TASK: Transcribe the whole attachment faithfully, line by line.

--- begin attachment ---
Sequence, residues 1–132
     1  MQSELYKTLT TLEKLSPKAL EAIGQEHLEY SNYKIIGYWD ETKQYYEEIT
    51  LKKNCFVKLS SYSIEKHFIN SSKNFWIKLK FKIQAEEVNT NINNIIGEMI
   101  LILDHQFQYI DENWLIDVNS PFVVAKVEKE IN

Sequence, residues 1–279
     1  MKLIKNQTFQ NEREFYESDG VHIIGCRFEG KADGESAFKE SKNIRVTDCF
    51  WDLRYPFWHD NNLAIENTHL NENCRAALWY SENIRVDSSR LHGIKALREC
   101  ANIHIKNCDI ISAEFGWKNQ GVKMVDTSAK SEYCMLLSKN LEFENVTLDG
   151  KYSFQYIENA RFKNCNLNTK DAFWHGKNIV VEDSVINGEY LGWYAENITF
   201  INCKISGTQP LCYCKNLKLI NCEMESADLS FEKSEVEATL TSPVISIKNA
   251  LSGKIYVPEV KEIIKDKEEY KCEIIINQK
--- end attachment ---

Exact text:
Sequence, residues 1–132
     1  MQSELYKTLT TLEKLSPKAL EAIGQEHLEY SNYKIIGYWD ETKQYYEEIT
    51  LKKNCFVKLS SYSIEKHFIN SSKNFWIKLK FKIQAEEVNT NINNIIGEMI
   101  LILDHQFQYI DENWLIDVNS PFVVAKVEKE IN

Sequence, residues 1–279
     1  MKLIKNQTFQ NEREFYESDG VHIIGCRFEG KADGESAFKE SKNIRVTDCF
    51  WDLRYPFWHD NNLAIENTHL NENCRAALWY SENIRVDSSR LHGIKALREC
   101  ANIHIKNCDI ISAEFGWKNQ GVKMVDTSAK SEYCMLLSKN LEFENVTLDG
   151  KYSFQYIENA RFKNCNLNTK DAFWHGKNIV VEDSVINGEY LGWYAENITF
   201  INCKISGTQP LCYCKNLKLI NCEMESADLS FEKSEVEATL TSPVISIKNA
   251  LSGKIYVPEV KEIIKDKEEY KCEIIINQK